Washington is a 19-point underdog going into Saturday’s game against No. 10 Stanford, and if you’re looking for a good place for the Huskies to start their second major upset of the month, well, they’d better have a good start.
STANFORD, Calif. — Washington is a 19-point underdog going into Saturday’s game against No. 10 Stanford, and if you’re looking for a good place for the Huskies to start their second major upset of the month, well, they’d better have a good start.
On offense, the Huskies (3-3, 1-2 Pac-12) have struggled out of the blocks this season, outscored a combined 68-30 in the first half against their five FBS opponents. Even in their 17-12 upset of USC two weeks ago, the Huskies trailed 6-3 at halftime despite starting three drives in the Trojans’ territory.
UW coach Chris Petersen is puzzled by the repeated slow starts, particularly after “dramatically” altering their practice schedule in an attempt to address the issue.
“I don’t know. I really don’t. We look at it all the time,” Petersen said, adding: “I think some of it has to do with youth, I really do, of going out there and guys, before they get settled down and get into a groove, I think that has something to do with it.”
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Stanford (5-1, 4-0) hasn’t let many teams get into a groove lately. The Cardinal jumped five spots to No. 10 in the AP poll this week after their 56-35 blowout of UCLA, and its signature physical style looks as dominant as ever.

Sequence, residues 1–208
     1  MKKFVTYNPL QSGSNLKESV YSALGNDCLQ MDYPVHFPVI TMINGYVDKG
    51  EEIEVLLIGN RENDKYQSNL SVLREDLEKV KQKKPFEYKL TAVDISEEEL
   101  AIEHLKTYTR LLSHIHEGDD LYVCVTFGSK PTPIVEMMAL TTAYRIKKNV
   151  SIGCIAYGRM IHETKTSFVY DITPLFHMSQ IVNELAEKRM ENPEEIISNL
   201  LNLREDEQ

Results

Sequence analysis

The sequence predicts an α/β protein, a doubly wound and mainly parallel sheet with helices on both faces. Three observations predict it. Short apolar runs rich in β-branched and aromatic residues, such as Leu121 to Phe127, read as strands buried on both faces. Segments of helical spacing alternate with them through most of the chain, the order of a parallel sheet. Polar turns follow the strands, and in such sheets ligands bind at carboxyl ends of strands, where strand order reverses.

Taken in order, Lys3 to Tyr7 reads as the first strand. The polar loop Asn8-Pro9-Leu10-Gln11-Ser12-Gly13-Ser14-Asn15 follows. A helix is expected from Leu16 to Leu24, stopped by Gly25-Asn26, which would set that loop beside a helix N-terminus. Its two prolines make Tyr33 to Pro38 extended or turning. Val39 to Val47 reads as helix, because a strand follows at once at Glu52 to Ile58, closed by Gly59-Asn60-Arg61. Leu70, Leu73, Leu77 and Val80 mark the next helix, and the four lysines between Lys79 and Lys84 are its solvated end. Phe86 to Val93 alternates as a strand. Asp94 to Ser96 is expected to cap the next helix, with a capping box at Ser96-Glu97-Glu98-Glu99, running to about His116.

For the fourth week in a row, the Huskies will play an offense ranked either first or second in the Pac-12 in scoring. Stanford is scoring a Pac-12-best 48.5 points in its four conference games.
Last week, the Huskies had to contend with Oregon’s hyper-speed offense. Now, they’re faced a complete change of pace coming to The Farm.
“This week is a lot more fun,” UW senior defensive lineman Taniela Tupou said. “It’s old-school football. It’s smashmouth football. It’s their O-line versus our D-line, and their running backs versus our linebackers.”
Stanford once again looks like it has the best offensive line in the Pac-12, led by Puyallup’s Joshua Garnett, who at 6 feet 5, 321 pounds is considered one of the nation’s top guards.
“It’s kind of a factory down there for those guys,” UW defensive-line coach Jeff Choate said. “It’s not like it’s anything new. It’s about the mind-set that we bring to this game and embracing that opportunity to go play. … I love the style that they play. We really respect their staff and the job that they’ve done there.”
Stanford’s offense is the best its been since Andrew Luck left after the 2011 season. Fifth-year senior Kevin Hogan leads the Pac-12 with a QB rating of 170.8, and sophomore running back Christian McCaffrey has emerged as a Heisman candidate while leading the nation with 235.0 all-purpose yards per game. He set a school record with 243 yards rushing and four touchdowns against UCLA last week.
“I think he’s one of the best pure football players I’ve seen on film in a while,” Choate said. “I’d put him on par with a Shaq Thompson in terms of his versatility and his skill set. He’s not quite as big as Shaq, but he’s a heck of a player.”
Petersen hasn’t tipped his hand this week on the status of UW freshman QB Jake Browning, who appeared to suffer a stinger in his throwing shoulder late in last week’s loss to Oregon. Stingers typically heal within a week, but the Huskies may want to be cautious with their young quarterback.
Redshirt freshman K.J. Carta-Samuels took over for the final drive against the Ducks and could be in line for his first career start against Stanford if Browning isn’t able to play.